New Law Lets Mass. Residents Vote at Old Address

October 30, 2008 - 6:26 AM
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Boston (AP) - Massachusetts voters who have moved in the past 18 months will be allowed to vote at their old addresses if they failed to re-register at their new homes.
 
The new law signed Wednesday by Gov. Deval Patrick will apply only to this election, in part to address concerns about voters forced out of their homes and apartments due to the foreclosure crisis.
 
"The governor believes that it is important to broaden access to the ballot particularly for people who have been displaced over the last year and a half due to the foreclosure crisis," said Patrick's spokesman Kyle Sullivan.
 
The ballots will be limited to votes for president, U.S. senator and the three statewide ballot questions.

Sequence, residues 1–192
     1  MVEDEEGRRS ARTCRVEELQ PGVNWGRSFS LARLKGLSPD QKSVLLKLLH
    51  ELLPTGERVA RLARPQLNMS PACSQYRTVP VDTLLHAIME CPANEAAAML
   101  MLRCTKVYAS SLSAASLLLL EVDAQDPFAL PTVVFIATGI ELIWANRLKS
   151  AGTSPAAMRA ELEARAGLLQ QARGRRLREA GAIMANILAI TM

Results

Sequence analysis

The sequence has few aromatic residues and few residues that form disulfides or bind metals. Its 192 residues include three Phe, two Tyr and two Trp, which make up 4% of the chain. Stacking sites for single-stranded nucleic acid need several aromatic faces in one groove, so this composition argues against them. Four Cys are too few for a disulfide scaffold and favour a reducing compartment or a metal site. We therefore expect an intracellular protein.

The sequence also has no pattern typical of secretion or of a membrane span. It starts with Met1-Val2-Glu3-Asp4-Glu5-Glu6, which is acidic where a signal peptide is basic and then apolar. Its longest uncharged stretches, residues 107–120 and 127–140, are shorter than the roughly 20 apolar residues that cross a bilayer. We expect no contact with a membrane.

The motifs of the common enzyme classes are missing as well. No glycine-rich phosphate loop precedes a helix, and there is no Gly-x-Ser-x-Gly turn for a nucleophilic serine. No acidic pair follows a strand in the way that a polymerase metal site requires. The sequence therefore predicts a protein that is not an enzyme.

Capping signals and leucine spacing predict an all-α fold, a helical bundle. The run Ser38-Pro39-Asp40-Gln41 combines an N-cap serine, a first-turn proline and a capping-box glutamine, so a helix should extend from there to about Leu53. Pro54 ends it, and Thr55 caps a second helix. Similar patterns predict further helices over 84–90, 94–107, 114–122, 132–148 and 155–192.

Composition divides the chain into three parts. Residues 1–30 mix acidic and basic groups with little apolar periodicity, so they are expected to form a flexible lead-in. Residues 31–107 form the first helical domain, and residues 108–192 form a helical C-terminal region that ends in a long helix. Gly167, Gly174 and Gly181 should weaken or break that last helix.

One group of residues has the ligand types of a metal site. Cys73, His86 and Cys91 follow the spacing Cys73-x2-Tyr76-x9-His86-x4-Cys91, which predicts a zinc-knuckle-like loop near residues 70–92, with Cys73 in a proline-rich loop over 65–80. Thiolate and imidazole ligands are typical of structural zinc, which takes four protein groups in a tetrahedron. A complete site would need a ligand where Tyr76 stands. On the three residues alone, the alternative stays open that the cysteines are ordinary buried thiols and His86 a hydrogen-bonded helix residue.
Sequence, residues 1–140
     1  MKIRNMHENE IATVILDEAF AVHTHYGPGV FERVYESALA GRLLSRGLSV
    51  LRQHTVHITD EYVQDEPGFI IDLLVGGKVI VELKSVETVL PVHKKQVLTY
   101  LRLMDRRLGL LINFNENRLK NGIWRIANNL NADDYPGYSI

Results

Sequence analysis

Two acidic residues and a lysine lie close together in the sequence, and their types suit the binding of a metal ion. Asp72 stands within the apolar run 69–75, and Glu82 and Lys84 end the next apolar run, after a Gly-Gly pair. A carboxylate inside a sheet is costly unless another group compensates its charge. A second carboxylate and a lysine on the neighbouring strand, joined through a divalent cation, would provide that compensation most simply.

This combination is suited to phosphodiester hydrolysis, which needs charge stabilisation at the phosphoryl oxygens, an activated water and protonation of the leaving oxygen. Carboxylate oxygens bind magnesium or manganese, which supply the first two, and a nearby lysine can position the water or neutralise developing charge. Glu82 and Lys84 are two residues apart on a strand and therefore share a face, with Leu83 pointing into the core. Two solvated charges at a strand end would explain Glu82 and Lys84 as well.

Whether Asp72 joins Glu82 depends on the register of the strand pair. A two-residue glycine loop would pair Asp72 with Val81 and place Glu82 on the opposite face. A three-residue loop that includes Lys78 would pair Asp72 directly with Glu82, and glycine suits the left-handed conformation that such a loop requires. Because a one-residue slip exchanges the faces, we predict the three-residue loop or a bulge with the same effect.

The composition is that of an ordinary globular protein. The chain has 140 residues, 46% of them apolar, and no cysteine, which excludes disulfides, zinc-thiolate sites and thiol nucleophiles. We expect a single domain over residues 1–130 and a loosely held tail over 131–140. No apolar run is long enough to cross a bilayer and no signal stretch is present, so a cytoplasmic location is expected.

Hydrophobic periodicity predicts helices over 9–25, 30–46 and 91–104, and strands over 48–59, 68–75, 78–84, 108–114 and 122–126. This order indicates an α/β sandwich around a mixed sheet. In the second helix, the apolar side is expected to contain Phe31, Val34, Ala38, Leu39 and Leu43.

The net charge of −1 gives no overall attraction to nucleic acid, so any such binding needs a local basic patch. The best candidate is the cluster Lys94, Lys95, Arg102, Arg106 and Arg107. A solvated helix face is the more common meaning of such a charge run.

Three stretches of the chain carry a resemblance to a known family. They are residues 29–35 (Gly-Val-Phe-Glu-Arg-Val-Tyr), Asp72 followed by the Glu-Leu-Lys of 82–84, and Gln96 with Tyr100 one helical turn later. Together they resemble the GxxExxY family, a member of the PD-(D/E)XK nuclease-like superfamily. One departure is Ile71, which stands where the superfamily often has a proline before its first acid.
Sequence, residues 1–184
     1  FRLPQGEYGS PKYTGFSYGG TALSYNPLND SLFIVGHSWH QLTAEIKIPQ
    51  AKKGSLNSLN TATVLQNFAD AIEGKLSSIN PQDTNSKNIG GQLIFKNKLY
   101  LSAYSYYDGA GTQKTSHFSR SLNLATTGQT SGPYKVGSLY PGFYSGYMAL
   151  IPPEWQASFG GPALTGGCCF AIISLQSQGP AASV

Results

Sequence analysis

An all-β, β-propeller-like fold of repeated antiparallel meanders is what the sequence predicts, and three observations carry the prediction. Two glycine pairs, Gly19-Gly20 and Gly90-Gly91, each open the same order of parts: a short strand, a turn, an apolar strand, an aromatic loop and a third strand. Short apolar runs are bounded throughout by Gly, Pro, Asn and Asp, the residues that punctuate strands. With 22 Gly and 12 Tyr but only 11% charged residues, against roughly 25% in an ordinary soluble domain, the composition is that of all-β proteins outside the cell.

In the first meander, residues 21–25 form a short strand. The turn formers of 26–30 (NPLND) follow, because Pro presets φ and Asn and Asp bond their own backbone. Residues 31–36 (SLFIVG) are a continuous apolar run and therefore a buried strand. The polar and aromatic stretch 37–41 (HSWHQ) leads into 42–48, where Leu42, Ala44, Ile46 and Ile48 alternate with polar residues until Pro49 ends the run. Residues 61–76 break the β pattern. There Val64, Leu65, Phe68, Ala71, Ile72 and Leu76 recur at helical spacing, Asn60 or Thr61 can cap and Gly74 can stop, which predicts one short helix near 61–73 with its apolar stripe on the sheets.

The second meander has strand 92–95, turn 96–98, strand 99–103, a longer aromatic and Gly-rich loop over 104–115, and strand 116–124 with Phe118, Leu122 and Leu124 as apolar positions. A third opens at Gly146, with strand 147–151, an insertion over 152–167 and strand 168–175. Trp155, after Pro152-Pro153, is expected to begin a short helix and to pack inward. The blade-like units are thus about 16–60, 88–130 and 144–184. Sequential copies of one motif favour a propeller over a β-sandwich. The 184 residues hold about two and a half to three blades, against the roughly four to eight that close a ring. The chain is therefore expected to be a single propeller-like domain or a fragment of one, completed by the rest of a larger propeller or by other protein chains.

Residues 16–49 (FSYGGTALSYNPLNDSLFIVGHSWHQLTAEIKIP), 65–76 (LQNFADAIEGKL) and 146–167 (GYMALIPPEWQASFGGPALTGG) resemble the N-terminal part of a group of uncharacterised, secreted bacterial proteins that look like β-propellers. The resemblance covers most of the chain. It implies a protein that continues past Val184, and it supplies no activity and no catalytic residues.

Voters won't be allowed to cast ballots in their old precincts for state lawmakers since they no longer live in the district.
 
Under the existing election law, voters who move must re-register within six months. The new law extends that grace period by a year. The law automatically reverts to the six-month window after the election.
 
Secretary of State William Galvin said that without the new law, voters who attempted to cast ballots at their old precincts would have to cast provisional ballots instead. Provisional ballots are held until the eligibility of the voter can be determined.
 
"With this change, voters who have had to leave their residence will be able to vote expeditiously, relieving pressure on polling places which will doubtless see large turnouts," Galvin said in a written statement.
 
Town clerks said they were worried the last-minute change could throw a wrench in the works of what is already expected to be a high voter turnout election.
 
"It's just wrong to do it six days before an election," said Plymouth Town Clerk Laurence Pizer, legislative chairman of the Massachusetts Town Clerks' Association.